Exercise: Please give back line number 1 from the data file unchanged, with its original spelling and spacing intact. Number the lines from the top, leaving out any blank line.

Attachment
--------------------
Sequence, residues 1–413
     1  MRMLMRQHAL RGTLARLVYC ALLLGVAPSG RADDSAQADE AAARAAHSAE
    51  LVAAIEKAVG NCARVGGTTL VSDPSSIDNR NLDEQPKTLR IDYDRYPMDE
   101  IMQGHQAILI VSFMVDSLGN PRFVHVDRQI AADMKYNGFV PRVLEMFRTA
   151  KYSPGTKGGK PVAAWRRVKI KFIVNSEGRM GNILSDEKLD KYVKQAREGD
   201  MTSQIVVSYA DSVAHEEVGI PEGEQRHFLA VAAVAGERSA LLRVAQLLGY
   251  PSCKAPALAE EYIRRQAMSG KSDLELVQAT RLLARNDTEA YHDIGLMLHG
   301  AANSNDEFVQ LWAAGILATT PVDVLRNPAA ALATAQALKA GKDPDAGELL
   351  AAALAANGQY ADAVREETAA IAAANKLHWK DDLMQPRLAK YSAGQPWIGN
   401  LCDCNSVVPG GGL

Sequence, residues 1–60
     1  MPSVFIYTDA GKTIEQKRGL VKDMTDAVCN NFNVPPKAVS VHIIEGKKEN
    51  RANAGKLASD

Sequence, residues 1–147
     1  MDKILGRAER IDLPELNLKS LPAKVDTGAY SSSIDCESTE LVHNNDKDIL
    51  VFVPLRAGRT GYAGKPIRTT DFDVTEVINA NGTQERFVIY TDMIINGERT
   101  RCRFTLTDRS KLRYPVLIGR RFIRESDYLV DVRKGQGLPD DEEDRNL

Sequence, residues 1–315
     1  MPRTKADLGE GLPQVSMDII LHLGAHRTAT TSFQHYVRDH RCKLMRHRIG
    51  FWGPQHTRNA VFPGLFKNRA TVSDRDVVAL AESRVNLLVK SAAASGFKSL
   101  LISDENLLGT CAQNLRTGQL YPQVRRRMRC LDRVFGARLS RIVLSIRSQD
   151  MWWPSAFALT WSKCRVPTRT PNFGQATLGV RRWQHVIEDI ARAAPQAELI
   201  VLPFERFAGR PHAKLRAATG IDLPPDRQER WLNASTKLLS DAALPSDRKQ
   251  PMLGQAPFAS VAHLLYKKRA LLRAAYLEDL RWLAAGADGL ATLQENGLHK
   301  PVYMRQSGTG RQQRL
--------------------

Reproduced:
Sequence, residues 1–413